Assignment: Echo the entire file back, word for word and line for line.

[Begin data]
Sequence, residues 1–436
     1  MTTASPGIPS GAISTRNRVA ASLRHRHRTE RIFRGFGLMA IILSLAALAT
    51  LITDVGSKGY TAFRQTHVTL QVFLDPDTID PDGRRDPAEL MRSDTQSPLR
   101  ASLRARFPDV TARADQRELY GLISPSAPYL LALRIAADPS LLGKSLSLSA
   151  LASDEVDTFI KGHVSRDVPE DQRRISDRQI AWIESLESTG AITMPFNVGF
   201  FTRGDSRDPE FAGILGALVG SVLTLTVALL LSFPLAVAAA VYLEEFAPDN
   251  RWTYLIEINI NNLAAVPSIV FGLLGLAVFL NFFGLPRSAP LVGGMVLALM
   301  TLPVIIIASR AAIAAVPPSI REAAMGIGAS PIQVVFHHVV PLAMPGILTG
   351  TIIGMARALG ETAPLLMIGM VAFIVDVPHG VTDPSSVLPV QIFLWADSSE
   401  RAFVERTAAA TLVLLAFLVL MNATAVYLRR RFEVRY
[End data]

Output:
Sequence, residues 1–436
     1  MTTASPGIPS GAISTRNRVA ASLRHRHRTE RIFRGFGLMA IILSLAALAT
    51  LITDVGSKGY TAFRQTHVTL QVFLDPDTID PDGRRDPAEL MRSDTQSPLR
   101  ASLRARFPDV TARADQRELY GLISPSAPYL LALRIAADPS LLGKSLSLSA
   151  LASDEVDTFI KGHVSRDVPE DQRRISDRQI AWIESLESTG AITMPFNVGF
   201  FTRGDSRDPE FAGILGALVG SVLTLTVALL LSFPLAVAAA VYLEEFAPDN
   251  RWTYLIEINI NNLAAVPSIV FGLLGLAVFL NFFGLPRSAP LVGGMVLALM
   301  TLPVIIIASR AAIAAVPPSI REAAMGIGAS PIQVVFHHVV PLAMPGILTG
   351  TIIGMARALG ETAPLLMIGM VAFIVDVPHG VTDPSSVLPV QIFLWADSSE
   401  RAFVERTAAA TLVLLAFLVL MNATAVYLRR RFEVRY